41. In line 3 the manuscript adds "givers again" to "gift- 


Poetic Edda 

45. If another thou hast whom thou hardly wilt 

Yet good from him wouldst get, 
Thou shalt speak him fair, but falsely think, 
And fraud with falsehood requite. 

46. So is it with him whom thou hardly wilt trust. 

And whose mind thou mayst not know ; 
Laugh with him mayst thou, but speak not thy 
Like gifts to his shalt thou give. 

47. Young was I once, and wandered aloni. 

And nought of the road I knew ; 
Rich did I feel when a comrade I found. 
For man is man's delight. 

48. The lives of the brave and noble are best, 

Sorrows they seldom feed ; 
But the coward fear of all things feels, 
And not gladly the niggard gives. 

49. My garments once in a field I gave 

To a pair of carven poles; 
Heroes they seemed when clothes they had. 
But the naked man is nought. 

50. On the hillside drear the fir-tree dies, 

All bootless its needles and bark; 
It is like a man whom no one loves, — 
Why should his life be long? 


51. Hotter than fire between false friends 

Does friendship five days burn ; 
When the sixth day comes the fire cools, 
And ended is all the love. 

52. No great thing needs a man to give, 

Oft little will purchase praise; 
With half a loaf and a half-filled cup 
A friend full fast I made. 

53. A little sand has a little sea, 

And small are the minds of men ; 
Though all men are not equal in wisdom, 
Yet half-wise only are all. 

54. A measure of wisdom each man shall have, 

But never too much let him know; 
The fairest lives do those men live 
Whose wisdom wide has grown. 

55. A measure of wisdom each man shall have. 

But never too much let him know; 
For the wise man's heart is seldom happy, 
If wisdom too great he has won. 

56. A measure of wisdom each man shall have, 

But never too much let him know ; 

55-56. The first pairs of lines are abbreviated in the manu- 


Poetic Edda 

Let no man the fate before him see, 
For so is he freest from sorrow. 

57. A brand from a brand is kindled and burned, 

And fire from fire begotten; 
And man by his speech is known to men, 
And the stupid by their stillness. 

58. He must early go forth who fain the blood 

Or the goods of another would get ; 
The wolf that lies idle shall win little meat, 
Or the sleeping man success. 

59. He must early go forth whose workers are few, 

Himself his work to seek; 
Much remains undone for the morning-sleeper. 
For the swift is wealth half won.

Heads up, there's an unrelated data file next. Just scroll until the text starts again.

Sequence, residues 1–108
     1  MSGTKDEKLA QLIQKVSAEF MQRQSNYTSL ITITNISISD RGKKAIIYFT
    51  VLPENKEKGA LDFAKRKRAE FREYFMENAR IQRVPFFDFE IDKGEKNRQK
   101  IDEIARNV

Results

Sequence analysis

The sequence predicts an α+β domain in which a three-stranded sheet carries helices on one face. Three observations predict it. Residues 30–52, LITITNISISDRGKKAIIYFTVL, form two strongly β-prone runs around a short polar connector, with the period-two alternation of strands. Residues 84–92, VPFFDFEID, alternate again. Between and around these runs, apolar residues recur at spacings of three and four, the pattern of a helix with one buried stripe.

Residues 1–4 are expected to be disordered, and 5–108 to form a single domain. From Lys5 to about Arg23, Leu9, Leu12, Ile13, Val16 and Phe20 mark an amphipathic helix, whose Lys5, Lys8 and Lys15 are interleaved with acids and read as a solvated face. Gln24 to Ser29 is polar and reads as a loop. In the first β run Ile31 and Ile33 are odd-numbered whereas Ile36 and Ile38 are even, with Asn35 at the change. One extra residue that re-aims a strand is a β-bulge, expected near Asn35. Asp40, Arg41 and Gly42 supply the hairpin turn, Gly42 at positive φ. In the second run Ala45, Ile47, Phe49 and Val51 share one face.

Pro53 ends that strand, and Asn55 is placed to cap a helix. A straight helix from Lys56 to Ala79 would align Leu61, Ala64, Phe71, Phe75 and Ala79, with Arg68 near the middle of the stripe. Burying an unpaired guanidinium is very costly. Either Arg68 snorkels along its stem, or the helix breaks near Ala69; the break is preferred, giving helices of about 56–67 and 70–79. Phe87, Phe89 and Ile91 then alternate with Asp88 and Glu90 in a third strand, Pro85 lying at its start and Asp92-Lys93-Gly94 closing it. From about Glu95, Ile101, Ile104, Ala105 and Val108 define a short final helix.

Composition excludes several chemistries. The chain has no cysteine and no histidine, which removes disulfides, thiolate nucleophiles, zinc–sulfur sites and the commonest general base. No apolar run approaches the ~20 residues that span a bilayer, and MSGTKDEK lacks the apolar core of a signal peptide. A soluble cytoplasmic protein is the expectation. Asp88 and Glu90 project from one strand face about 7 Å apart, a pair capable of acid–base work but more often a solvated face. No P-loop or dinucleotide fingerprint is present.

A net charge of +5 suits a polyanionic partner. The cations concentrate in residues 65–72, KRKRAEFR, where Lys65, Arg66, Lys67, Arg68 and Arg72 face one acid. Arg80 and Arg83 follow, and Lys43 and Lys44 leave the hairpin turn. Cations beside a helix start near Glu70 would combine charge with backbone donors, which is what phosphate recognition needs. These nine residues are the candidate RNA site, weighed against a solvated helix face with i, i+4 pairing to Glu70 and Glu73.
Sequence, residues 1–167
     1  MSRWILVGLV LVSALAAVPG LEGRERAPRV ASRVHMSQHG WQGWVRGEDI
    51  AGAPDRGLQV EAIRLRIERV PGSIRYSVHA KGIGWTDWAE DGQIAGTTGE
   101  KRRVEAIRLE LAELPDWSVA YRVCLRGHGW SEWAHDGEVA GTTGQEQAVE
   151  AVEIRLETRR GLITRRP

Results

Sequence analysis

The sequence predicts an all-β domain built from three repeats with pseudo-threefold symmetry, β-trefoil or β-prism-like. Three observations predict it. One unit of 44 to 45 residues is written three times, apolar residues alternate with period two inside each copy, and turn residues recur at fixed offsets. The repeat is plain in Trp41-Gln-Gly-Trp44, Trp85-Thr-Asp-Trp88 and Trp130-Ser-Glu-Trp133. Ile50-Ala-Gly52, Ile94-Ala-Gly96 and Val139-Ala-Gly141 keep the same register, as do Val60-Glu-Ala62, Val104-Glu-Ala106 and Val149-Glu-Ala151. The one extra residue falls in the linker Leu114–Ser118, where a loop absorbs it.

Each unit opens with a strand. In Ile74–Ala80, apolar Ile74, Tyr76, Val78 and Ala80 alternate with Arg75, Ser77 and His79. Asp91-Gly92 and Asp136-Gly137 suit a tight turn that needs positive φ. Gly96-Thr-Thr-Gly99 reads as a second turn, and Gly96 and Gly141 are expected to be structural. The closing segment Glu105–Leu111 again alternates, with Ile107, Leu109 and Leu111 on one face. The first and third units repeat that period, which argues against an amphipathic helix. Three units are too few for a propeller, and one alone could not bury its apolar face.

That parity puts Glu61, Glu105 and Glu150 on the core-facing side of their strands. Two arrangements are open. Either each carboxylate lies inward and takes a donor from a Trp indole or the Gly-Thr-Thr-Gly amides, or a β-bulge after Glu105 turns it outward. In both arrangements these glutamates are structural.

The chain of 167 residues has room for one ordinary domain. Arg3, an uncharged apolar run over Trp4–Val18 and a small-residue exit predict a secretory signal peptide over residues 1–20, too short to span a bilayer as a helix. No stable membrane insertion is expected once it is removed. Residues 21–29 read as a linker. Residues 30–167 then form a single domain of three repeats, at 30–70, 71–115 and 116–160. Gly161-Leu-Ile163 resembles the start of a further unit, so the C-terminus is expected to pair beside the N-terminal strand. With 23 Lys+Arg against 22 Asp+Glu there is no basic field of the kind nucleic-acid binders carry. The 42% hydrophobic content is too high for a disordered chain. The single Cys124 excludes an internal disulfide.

60. Of seasoned shingles and strips of bark 

For the thatch let one know his need. 
And how much of wood he must have for a 
Or in half a year he will use. 

61. Washed and fed to the council fare, 

But care not too much for thy clothes ; 
Let none be ashamed of his shoes and hose. 
Less still of the steed he rides, 
(Though poor be the horse he has.) 

61. The fifth line is probably a spurious addition. 


62. When the eagle comes to the ancient sea, 

He snaps and hangs his head ; 
So is a man in the midst of a throng, 
Who few to speak for him finds. 

63. To question and answer must all be ready 

Who wish to be known as wise; 
Tell one thy thoughts, but beware of two,- 
AU know what is known to three. 

64. The man who is prudent a measured use 

Of the might he has will make ; 
He finds when among the brave he fares 
That the boldest he may not be. 


Oft for the words that to others one speaks 
He will get but an evil gift. 

66. Too early to many a meeting I came. 
And some too late have I sought ; 
The beer was all drunk, or not yet brewed ; 
Little the loathed man finds. 

62. This stanza follows stanza 63 In the manuscript, but there 
are marks therein indicating the transposition. 

65. The manuscript indicates no lacuna (lines i and 2). Many 
editors have filled out the stanza with two lines from late paper 
manuscripts, the passage running: 

"A man must be watchful and wary as well. 
And fearful of trusting a friend." 


Poetic Edda 

67. To their homes men would bid me hither and 

If at meal-time I needed no meat, 
Or would hang two hams in my true friend's 

Where only one I had eaten. 

68. Fire for men is the fairest gift, 

And power to see the sun; 
Health as well, if a man may have it. 
And a life not stained with sin. 

69. All wretched is no man, though never so sick; 

Some from their sons have joy, 
Some win it from kinsmen, and some from their 
And some from worthy works. 

70. It is better to live than to lie a corpse, 

The live man catches the cow; 
I saw flames rise for the rich man's pyre. 
And before his door he lay dead. 

7 1 . The lame rides a horse, the handless is herdsman, 

The deaf in battle is bold ; 
The blind man is better than one that is burned, 
No good can come of a corpse. 

70. The manuscript has "and a worthy life" in place of "than 
to lie a corpse" in line i, but Rask suggested the emendation as 
early as 1818, and most editors have followed him. 



72. A son is better, though late he be bom, 

And his father to death have fared; 
Memory-stones seldom stand by the road 
Save when kinsman honors his kin. 

73. Two make a battle, the tongue slays the head ; 
In each furry coat a fist I look for.